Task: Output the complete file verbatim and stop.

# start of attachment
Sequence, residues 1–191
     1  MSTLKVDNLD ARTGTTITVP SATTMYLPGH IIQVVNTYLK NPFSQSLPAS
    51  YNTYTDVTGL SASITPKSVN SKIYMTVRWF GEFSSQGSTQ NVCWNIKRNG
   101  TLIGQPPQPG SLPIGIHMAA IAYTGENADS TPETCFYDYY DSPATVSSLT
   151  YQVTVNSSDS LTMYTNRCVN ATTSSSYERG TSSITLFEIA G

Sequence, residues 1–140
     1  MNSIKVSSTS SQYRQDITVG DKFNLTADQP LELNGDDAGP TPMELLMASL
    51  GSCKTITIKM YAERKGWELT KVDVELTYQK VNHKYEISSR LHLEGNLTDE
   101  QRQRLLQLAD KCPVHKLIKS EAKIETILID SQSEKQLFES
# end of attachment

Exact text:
Sequence, residues 1–191
     1  MSTLKVDNLD ARTGTTITVP SATTMYLPGH IIQVVNTYLK NPFSQSLPAS
    51  YNTYTDVTGL SASITPKSVN SKIYMTVRWF GEFSSQGSTQ NVCWNIKRNG
   101  TLIGQPPQPG SLPIGIHMAA IAYTGENADS TPETCFYDYY DSPATVSSLT
   151  YQVTVNSSDS LTMYTNRCVN ATTSSSYERG TSSITLFEIA G

Sequence, residues 1–140
     1  MNSIKVSSTS SQYRQDITVG DKFNLTADQP LELNGDDAGP TPMELLMASL
    51  GSCKTITIKM YAERKGWELT KVDVELTYQK VNHKYEISSR LHLEGNLTDE
   101  QRQRLLQLAD KCPVHKLIKS EAKIETILID SQSEKQLFES